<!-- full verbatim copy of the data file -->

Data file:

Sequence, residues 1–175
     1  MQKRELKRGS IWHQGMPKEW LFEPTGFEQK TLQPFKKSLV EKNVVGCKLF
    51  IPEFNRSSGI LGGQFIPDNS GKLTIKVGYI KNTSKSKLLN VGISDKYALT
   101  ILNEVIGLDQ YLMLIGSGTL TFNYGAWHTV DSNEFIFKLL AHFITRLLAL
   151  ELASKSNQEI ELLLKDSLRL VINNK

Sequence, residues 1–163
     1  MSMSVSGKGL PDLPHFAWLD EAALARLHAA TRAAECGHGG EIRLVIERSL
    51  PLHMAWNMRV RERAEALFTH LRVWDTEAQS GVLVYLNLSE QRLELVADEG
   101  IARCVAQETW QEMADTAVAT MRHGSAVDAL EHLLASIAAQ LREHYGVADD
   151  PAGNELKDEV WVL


Sequence, residues 1–175
     1  MQKRELKRGS IWHQGMPKEW LFEPTGFEQK TLQPFKKSLV EKNVVGCKLF
    51  IPEFNRSSGI LGGQFIPDNS GKLTIKVGYI KNTSKSKLLN VGISDKYALT
   101  ILNEVIGLDQ YLMLIGSGTL TFNYGAWHTV DSNEFIFKLL AHFITRLLAL
   151  ELASKSNQEI ELLLKDSLRL VINNK

Sequence, residues 1–163
     1  MSMSVSGKGL PDLPHFAWLD EAALARLHAA TRAAECGHGG EIRLVIERSL
    51  PLHMAWNMRV RERAEALFTH LRVWDTEAQS GVLVYLNLSE QRLELVADEG
   101  IARCVAQETW QEMADTAVAT MRHGSAVDAL EHLLASIAAQ LREHYGVADD
   151  PAGNELKDEV WVL